Traditional Recruitment CV Writing Advice
First impressions last, and your CV is responsible for creating that vital good first impression with a potential employer or recruiter.
A busy recruiter can see up to a hundred CVs in a day, so make sure yours is not lost in the pile but instead gets noticed. Here’s how.
Formatting and Language
- Choose an attractive yet simple style: avoid graphics and boxes and get the fonts right
- Arial and Calibri are good choices in our view but just choose one that is clear
- Bullet points make your CV easy to read and allow the reader to digest lots of information very quickly.
- Long rambling sentences do just the opposite.
- Use CV grammar: not necessarily sentences and paragraphs, think in terms of a concise report.
- Avoid the use of ‘we’ and ‘our’ – instead, try to think like a journalist.
- However, be clear on what you achieved and what you personally contributed.
- Prioritise information so that what’s most important catches the eye first.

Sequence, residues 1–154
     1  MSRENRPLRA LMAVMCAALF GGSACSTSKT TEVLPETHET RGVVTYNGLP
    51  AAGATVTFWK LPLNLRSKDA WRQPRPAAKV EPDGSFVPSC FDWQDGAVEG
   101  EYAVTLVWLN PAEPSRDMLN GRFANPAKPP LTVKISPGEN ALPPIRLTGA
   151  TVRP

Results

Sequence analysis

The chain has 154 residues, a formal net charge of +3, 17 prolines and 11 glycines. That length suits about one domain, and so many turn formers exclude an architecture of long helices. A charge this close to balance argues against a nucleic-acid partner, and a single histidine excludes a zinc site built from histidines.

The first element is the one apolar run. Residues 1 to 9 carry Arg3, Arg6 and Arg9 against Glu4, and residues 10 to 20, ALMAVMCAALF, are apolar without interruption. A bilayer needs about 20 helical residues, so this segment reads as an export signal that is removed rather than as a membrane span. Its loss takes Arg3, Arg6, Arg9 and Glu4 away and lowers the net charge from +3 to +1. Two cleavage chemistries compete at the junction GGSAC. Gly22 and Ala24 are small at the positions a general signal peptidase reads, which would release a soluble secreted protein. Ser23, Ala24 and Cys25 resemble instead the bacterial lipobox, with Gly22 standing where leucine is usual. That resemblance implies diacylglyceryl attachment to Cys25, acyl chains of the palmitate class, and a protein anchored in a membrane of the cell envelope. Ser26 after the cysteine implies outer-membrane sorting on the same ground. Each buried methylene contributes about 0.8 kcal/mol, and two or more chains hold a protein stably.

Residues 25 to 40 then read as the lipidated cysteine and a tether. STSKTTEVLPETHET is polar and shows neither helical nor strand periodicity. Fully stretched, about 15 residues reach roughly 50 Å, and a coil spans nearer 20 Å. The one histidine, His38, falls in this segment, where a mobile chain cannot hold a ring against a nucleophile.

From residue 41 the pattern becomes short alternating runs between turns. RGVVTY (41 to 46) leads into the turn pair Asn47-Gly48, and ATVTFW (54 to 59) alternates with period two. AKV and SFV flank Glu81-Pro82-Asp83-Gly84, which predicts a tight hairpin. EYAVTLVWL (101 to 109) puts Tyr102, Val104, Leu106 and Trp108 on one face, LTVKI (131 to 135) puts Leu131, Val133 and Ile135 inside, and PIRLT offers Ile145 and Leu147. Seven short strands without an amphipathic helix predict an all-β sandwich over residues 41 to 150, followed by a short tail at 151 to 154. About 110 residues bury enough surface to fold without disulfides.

- Open with a brief sketch that positions you at the right level.
- Include interesting information pertinent to the type of position required.
- Describe most recent jobs first.
- Corroborate claims with evidence – include enough to appear convincing and professional.
- Look to build a story of your career in which the strongest experience takes priority.
- Early/minor roles from years ago have little relevance.
Tweak and Test
- Test your CV: spell check thoroughly and try the CV out on friends and partners.
- There is no room for error.
- Remember this is your sales tool so invest the time to get it right.
- It is no good knowing that you are good!
- If the employer cannot see it on paper, you will never get the chance to meet them!